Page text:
For those new to photography, the combination of a letter and numbers like f2.8, f11 or f22 can conjure up horrible flashbacks of struggling through algebra class. It doesn’t help that the larger the number is, the smaller the aperture is. A bit backwards, I know.
But don’t worry, with a little basic understanding of what aperture is and how it affects your photography, you can be taking great pictures in no time.
In a nutshell, the aperture of your lens is the hole through which light travels. This light reaches your sensor or film, and creates your image. In this post, we will focus more on the relationship between aperture and depth of field.
Depth of field is the distance between the nearest and farthest objects in a scene that appear sharp in the image. If the subject of your photograph is in focus but everything behind and in front of it is out of focus and blurred, your depth of field is narrow. This is great for portrait photography.
If everything from the near distance to the horizon is sharp, your depth of field is large or wide. This is good for landscape photography.
Your challenge when taking photographs in the bush is to select an aperture which will provide the right depth of field for your desired photo. A wide open aperture (small aperture number eg. f2.8) will provide a shallow depth of field and a narrow aperture (large number eg. f22) will provide a wide depth of field.
Take a look at the following photographs and the different aperture settings used:
Wide open Aperture:
Wide open apertures ie. a small f-stop like f2.8, 3.2 or 3.5, provide a narrow depth of field. This is ideal for portrait photography. Having a leopard’s face nicely in focus and sharp but having its body blurred will create a beautiful photo.
In the photo above, the face of the Mashaba young female is perfectly in focus, while the branches only slightly behind and in front of her are out of focus. This draws your attention to her face immediately. Zooming in exaggerates the effect of a wide open aperture, and in this photo, the combination of a 200mm zoom and an aperture of 3.5 has done that nicely.
In this photo of one of the Mhangeni cubs grooming its sibling, my aperture was too wide. At 3.2 it made for a very narrow depth of field, and as a result, the cub that is doing the grooming is not in focus, whereas it should have been to capture the moment better. An aperture of 6.3 or 7.1 would have probably been preferable, as both cubs would have been sharp.
In this photo, both the lions and the vehicle with its occupants are in focus. I was actually focusing on the vehicle, so the lions are right on the edge of the focal area and not quite as sharp as they could be. I was zoomed out fully (70mm) and as mentioned earlier, less zoom increases the depth of field.
For this photograph of a white rhino calf scratching itself I wanted the whole calf in focus, while everything behind it and in front of it blurred. Had I used a smaller f-stop like f4 or f3.5, the back end of the rhino would not have been sharp. The medium aperture of f6.3 keeps the rhino sharp while blurring the rest.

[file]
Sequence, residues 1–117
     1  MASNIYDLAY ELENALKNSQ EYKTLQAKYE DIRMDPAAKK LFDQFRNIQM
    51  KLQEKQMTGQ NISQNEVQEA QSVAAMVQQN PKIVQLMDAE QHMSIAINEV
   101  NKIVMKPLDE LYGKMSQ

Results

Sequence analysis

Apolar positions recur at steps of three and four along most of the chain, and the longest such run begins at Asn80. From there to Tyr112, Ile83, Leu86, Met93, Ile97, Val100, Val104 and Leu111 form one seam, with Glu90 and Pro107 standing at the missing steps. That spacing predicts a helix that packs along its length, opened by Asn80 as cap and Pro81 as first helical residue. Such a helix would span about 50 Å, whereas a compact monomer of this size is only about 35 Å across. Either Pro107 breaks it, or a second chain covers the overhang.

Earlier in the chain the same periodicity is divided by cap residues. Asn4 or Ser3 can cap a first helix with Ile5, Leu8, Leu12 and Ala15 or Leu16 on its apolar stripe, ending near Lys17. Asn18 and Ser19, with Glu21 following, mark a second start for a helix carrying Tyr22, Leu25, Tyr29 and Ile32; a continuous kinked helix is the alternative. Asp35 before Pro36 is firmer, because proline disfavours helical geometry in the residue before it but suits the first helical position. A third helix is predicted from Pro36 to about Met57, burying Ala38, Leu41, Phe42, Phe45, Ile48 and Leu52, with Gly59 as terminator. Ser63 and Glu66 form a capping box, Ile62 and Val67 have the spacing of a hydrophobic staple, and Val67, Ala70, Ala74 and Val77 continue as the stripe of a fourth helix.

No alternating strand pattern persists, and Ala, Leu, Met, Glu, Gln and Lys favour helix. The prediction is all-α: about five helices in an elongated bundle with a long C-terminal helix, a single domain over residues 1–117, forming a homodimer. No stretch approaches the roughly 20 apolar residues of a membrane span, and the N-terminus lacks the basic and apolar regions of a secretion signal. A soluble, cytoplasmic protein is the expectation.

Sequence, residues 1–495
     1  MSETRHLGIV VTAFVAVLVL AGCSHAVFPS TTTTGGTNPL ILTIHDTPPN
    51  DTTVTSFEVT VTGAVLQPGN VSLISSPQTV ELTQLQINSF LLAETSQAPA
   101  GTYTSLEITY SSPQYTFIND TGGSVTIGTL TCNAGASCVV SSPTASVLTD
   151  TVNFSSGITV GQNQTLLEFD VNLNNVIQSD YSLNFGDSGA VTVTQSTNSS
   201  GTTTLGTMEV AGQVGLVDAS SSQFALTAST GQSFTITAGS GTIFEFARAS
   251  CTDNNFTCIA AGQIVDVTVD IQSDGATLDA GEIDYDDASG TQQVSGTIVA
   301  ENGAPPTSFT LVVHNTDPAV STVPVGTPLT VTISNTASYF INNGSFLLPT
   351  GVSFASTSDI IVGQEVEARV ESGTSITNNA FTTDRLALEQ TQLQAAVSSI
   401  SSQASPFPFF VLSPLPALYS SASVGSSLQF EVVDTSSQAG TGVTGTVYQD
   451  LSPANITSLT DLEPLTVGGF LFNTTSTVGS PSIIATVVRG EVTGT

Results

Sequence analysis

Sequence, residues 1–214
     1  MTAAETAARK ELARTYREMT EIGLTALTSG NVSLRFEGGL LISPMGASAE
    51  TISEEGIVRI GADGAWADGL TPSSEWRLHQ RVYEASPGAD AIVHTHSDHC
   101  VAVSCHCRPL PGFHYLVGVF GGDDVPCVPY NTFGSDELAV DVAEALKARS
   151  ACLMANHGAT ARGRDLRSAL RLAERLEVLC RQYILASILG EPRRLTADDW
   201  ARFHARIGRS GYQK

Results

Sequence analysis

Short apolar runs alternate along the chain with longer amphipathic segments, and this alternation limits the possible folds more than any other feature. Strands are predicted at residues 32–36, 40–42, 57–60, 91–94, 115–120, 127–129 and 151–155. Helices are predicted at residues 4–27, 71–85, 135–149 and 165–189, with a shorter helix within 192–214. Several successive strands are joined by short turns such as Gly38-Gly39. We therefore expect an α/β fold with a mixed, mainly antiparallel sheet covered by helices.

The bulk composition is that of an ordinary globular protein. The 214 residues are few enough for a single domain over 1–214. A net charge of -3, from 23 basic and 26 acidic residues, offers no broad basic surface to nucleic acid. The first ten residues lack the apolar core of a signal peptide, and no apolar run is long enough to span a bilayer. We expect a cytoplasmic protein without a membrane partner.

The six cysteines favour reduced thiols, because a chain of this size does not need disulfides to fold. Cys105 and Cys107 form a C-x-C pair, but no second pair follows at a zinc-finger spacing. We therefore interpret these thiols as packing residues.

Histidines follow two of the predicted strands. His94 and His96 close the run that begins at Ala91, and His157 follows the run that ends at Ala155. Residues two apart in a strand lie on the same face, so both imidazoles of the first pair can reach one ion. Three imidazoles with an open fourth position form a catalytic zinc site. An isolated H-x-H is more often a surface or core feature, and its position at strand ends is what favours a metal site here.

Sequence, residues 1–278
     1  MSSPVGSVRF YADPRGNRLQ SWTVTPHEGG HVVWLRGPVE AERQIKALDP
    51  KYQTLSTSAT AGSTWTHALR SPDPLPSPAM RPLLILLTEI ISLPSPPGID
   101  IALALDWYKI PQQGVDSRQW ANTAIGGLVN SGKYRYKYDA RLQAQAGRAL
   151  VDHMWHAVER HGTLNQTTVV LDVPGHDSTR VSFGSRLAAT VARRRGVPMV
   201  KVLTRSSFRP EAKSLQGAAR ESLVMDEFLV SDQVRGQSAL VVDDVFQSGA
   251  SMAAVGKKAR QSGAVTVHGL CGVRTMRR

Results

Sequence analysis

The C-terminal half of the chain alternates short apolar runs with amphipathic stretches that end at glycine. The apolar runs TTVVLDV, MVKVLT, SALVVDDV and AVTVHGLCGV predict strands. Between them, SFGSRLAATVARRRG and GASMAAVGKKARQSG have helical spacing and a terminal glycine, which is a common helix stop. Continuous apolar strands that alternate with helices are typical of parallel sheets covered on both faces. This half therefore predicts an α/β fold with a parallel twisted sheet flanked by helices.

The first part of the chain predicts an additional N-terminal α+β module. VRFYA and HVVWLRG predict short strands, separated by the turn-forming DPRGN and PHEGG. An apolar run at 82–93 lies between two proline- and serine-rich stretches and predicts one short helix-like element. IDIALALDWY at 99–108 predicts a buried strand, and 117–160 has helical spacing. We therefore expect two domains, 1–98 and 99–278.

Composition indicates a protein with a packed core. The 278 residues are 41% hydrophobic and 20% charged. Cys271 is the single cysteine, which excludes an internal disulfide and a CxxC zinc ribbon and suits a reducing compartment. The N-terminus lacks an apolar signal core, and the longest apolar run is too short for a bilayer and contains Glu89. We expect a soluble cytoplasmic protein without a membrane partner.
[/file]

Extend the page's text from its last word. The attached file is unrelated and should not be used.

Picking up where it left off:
Despite having all four Majingilane in one shot, the real point of this photo is to highlight the fact that they are on the hill opposite Varty Camp. Had I used a wide open aperture, the camp in the background, and Colbert Mdluli on the deck, would have been out of focus. I therefore had to narrow the aperture to f11 in order to increase the depth of field and have the camp be properly visible, instead of just an indistinct blur in the background.
I had zoomed in to crop some of the surrounding foliage out of the photo, but still wanted to keep all these Mhangeni cubs and the lioness in focus. Knowing that by zooming in my depth of field was going to be narrowed, I had to narrow my aperture to f10 make sure the depth of field was maintained.
At the end of the day, photography is an art form. No one can tell you what you like in a photo or not, and it is your interpretation of a scene that determines what sort of photo you will want to try and capture.
A good general rule is to have a wide-open aperture for portrait photography, a medium one for large animals like rhinos and elephants, and a narrow aperture for landscape scenes, although that is keeping it basic to the extreme. We have yet to delve into the relationship between shutter speed, aperture and ISO, what lenses do to affect depth-of field, and countless other factors that can determine what type of photograph you will capture.
For now, stick with these basic aperture suggestions and you’ll be ok. Next week we’ll explore the Exposure Triangle (aperture, ISO, shutter speed) a little more closely, and the relationships should become a little clearer.
Written by James Tyrrell
Photographed by James Tyrrell and Richard Laburn
Filed under Photography
as always, thank you! i love a quick touch up lesson first thing in the morning.
BRILLIANT AND WELL WRITTEN ARTICLE JAMES. THANKS FOR SHARING YOUR KNOWLEDGE.
Very helpful! Thanks
Thanks James 🙂
I am taking baby steps in wildlife photography and started using depth of field/aperture settings for the first time at Londolozi last week (under the guidance of Lucien). This is a nice “refresher” of what I learned.
Very good article, if you want good photos -ditch the programme mode on your camera. It won’t produce them.
As James is saying it pays to learn about aperture and metering. I always try and use spot metering when photographing wildlife . If you get a Leopard against a (say) blue or grey background you want the camera to expose the shot based on the animal and not the background. This is especially important if you can get a tree shot where the Leopard is reposing, but a shot that uses evaluative or centre-weighted will take account of the background and not the animal.